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Playwright's elusive dream: Conquering his hometown of Miami

Already a rising star in the theater world, Alvin McCraney hasn't given up on one of his few unfulfilled dreams: opening a theater company in his hometown of Miami.

BY CHRISTINE DOLEN, cdolen@MiamiHerald.com

mccraney PRINCETON, N.J. -- Tarell Alvin McCraney moves with the grace of the dancer he once wanted to be. He is tall (6 feet 3 inches), slender and stylish in his perfectly pressed shirt and tie worn over snug black jeans.

This 28-year-old playwright is both celebrated and humble, quietly observant and inspiring, a gay black artist who has made it his mission, he says, ``to give voice to the voiceless.''

And at the moment, the young man whose early life and artistic identity were forged through some impossibly hard times in Miami is also one of the hottest theater talents on both sides of the Atlantic.

Through June 21, the Tony Award-winning McCarter Theatre in Princeton, N.J., is presenting three plays by McCraney, a linked trilogy he calls The Brother/Sister Plays that was co-produced by New York's Public Theater (where it will play in the fall). Last month, he received the inaugural New York Times Outstanding Playwright Award. Soon, he'll fly back to London, where he is International Playwright in Residence with the Royal Shakespeare Company (RSC), though he'll also spend a week working with legendary director Peter Brook on a project in Poland.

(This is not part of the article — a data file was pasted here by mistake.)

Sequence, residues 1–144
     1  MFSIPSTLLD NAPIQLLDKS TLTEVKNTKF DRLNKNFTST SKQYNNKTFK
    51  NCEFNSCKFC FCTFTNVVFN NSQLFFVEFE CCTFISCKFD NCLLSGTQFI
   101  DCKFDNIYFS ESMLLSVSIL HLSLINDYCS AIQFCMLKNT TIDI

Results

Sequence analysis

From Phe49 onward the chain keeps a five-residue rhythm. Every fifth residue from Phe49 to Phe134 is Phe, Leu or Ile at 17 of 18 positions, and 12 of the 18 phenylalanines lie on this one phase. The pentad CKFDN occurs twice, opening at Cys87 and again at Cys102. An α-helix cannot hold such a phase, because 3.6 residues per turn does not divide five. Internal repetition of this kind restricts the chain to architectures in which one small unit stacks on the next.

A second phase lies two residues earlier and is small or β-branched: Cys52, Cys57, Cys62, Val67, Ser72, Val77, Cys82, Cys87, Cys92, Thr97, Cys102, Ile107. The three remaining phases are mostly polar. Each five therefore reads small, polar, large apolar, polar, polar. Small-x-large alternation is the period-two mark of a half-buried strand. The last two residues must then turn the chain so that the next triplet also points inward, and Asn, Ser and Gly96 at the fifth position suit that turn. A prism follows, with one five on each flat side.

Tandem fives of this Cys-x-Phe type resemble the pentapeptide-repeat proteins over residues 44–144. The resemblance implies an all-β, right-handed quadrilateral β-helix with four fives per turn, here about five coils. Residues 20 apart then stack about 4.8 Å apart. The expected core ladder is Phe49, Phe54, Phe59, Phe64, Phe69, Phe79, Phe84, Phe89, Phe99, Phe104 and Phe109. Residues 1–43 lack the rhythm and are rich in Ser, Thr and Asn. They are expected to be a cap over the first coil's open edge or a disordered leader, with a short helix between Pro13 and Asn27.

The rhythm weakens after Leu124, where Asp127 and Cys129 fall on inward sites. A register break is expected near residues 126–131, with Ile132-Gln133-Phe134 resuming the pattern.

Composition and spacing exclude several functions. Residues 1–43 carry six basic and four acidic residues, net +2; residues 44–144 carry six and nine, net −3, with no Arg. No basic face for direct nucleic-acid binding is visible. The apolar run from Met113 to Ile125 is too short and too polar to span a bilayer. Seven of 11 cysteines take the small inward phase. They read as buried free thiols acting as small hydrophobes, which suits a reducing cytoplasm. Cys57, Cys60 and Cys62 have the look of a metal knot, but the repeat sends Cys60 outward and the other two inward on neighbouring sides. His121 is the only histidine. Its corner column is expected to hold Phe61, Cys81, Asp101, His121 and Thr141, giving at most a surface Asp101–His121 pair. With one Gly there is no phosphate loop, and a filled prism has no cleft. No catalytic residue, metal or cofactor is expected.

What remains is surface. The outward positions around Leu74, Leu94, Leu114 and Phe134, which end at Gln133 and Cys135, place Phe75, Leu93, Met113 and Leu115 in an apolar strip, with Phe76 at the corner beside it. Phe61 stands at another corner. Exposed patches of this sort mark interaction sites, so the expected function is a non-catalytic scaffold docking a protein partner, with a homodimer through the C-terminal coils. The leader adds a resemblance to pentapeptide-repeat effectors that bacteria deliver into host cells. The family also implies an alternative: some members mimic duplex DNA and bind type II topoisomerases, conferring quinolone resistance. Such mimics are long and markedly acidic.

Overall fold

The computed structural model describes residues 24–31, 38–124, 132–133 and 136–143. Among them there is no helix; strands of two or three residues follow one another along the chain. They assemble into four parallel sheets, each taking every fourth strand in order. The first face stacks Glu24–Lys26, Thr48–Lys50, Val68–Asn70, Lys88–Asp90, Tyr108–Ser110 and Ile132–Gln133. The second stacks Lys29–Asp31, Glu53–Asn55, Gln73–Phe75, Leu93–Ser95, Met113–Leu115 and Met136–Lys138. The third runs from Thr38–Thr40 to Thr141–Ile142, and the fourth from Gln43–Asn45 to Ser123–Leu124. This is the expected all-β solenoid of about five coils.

He is writing new plays for the RSC, Manhattan Theatre Club and the Berkeley Repertory Theatre. Though it has only been two years since he earned his master's degree in playwriting from the Yale School of Drama, McCraney has had his work produced in New York, Washington D.C., Seattle, New Orleans, Atlanta, Pittsburgh, London, Barcelona and Dublin.

But not, so far, in Miami.

Yet here's the remarkable thing: Though McCraney has been artistically ignored in his hometown, he has a dream that by the time he turns 30 on Oct. 17, 2010, he will be back in Miami starting a theater company.

''I never intended to be just a playwright,'' says the red-hot writer, who has also acted, danced and directed. ``Making a community of theater artists is also part of my job.''


Many of the artists who have creatively crossed paths with McCraney attest that his is a thrilling, distinctive new voice in the world of theater.

Emily Mann, McCarter's artistic director, remembers reading her first McCraney play while he was still at Yale.

'By the second page, I said, `We're doing his work,' '' Mann says. ``His use of language is absolutely distinctive. If you gave me two lines, I'd know they were his. He reminds me of [Federico García] Lorca, Nilo [Cruz], Tennessee Williams, but he's absolutely himself. He's a theatrical poet. His work is very musical and funny -- and it can rip your heart out.''